Wikileaks: US embassy condemned eviction of Kalahari Bushmen

"The Bushmen of the CKGR were largely self-sufficient before the government evicted them."
"The Bushmen of the CKGR were largely self-sufficient before the government evicted them."
© Survival International

The US Ambassador to Botswana strongly condemned the government’s forced eviction of the Kalahari Bushmen, according to secret US embassy cables released today.

Ambassador Joseph Huggins told his bosses in Washington in 2005 that the Bushmen had been ‘dumped in economically absolutely unviable situations without forethought, and without follow-up support. The lack of imagination displayed… is breathtaking.’

He concluded by saying, ‘The special tragedy of New Xade’s dependent population [i.e. the Bushmen in the relocation camp] is that it could have been avoided.’

Read the Ambassador’s cable

Botswana’s government forcibly evicted the Bushmen from their ancestral lands inside the Central Kalahari Game Reserve in 2002. The Bushmen were dumped in government relocation camps outside the reserve where HIV/Aids, alcoholism, and other problems previously unknown to the Bushmen are rife.

After visiting New Xade relocation camp, Ambassador Huggins noted ‘despair among youth’. The cables also reveal Huggins’ frustration with Botswana’s then Permanent Secretary in the Ministry of Foreign Affairs, Ernest Mpofu. Having suggested that the government reconsider its approach to the Bushmen, Huggins found that Mpofu ‘dismissed all such suggestions’ which were ‘met with thinly veiled scorn’.

The cables also detail Huggins’ discussions with a representative of a local NGO who criticized the government for ‘the lack of consultation, and the lack of transparency in decision-making when it came to the treatment of [the Bushmen]’. The representative, who has not been named, also told Huggins that Bushmen ‘are systematically being discriminated against by the [government], which moves them away from wherever there might be an income-generating opportunity’, and that they ‘believed that plans for mining were the reason that the [Bushman] groups were removed’.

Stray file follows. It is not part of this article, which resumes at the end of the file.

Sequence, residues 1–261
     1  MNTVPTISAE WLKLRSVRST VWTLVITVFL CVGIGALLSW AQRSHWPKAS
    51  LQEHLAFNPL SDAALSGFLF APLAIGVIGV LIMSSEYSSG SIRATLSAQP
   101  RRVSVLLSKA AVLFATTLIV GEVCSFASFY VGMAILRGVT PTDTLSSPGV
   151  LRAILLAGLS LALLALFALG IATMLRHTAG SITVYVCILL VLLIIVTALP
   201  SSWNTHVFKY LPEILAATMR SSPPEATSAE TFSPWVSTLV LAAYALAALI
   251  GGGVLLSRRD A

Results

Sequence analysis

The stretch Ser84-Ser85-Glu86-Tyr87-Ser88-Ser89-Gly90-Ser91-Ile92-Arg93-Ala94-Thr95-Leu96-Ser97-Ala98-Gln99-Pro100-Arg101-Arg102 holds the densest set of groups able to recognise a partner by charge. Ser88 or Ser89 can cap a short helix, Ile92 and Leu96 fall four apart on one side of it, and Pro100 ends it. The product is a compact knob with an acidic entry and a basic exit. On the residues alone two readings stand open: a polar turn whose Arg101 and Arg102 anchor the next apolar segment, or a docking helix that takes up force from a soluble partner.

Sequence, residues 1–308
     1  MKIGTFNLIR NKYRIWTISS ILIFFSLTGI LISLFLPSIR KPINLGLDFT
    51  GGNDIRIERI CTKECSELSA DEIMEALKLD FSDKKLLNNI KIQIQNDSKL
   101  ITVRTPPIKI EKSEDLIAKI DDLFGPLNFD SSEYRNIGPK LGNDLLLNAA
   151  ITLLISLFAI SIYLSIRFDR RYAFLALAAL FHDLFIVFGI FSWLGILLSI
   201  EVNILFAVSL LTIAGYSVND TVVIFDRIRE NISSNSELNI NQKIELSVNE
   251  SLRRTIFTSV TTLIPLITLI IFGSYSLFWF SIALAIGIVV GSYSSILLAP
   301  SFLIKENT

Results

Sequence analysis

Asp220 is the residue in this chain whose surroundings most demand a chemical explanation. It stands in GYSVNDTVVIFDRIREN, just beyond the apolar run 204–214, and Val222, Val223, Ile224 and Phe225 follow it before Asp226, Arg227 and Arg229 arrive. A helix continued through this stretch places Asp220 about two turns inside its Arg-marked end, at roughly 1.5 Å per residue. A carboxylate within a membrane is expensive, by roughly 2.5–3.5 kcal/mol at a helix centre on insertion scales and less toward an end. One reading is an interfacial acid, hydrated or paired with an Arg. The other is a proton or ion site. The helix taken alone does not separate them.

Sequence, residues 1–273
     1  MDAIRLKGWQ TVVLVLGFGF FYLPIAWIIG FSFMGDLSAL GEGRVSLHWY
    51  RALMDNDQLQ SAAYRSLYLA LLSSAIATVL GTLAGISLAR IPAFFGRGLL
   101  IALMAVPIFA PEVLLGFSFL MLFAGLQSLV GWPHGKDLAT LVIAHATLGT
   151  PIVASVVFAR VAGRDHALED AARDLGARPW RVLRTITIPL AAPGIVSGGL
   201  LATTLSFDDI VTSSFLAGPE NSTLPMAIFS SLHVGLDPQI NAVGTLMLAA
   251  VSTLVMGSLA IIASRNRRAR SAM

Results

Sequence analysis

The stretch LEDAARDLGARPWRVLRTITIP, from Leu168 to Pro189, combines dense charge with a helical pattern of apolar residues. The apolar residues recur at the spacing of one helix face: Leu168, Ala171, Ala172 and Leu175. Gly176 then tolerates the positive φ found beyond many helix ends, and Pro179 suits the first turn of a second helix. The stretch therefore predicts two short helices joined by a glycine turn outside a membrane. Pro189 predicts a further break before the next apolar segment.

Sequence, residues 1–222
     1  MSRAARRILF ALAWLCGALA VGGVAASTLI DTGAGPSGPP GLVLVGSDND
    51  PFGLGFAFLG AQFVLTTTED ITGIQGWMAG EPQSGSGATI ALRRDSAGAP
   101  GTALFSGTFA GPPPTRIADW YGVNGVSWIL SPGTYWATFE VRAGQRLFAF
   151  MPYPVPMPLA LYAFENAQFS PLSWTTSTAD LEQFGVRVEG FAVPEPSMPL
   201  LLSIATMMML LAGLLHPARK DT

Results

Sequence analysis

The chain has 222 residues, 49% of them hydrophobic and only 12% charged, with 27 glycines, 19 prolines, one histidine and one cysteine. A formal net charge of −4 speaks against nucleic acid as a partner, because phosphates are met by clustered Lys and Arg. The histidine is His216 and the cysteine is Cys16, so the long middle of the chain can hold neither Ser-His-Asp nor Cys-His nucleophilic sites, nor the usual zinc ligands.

Following the evictions, the Bushmen took the government to court in a legal battle that became the longest and most expensive in the country’s history. In a landmark ruling in 2006, Botswana’s High Court ruled that the evictions had been illegal and unconstitutional and that the Bushmen have the right to return to their lands.

However, despite the ruling, the government has continued to make life in the reserve impossible for the Bushmen. It has banned them from accessing a well which they rely on for water and which they used before the government sealed it in a bid to force them off their lands.

The Bushmen launched further litigation against the government in a bid to gain access to their well. A High Court judge dismissed their case in 2010, expressing sympathy with the government, and an appeal hearing was held on Monday. The ruling will be delivered on either 27th or 31st January.

The day after the hearing was held, Gem Diamonds announced that the Botswana government has issued it a licence to open a diamond mine at one of the Bushman communities inside the reserve. While the government had always maintained that the concession was sub-economic, Gem Diamonds values the mine at $3 billion.

Survival’s director Stephen Corry said today, ‘Yet again, the Botswana government is shown to have been behind needless suffering, scorn, discrimination, and even death, for its most deprived citizens, the Bushmen. This is not just the opinion of some human rights activists and the Bushmen themselves, it is a matter of fact as reported by the US government. However much wealth they bring to the few, diamonds should not be bought at the cost of the destruction of these Bushman peoples’.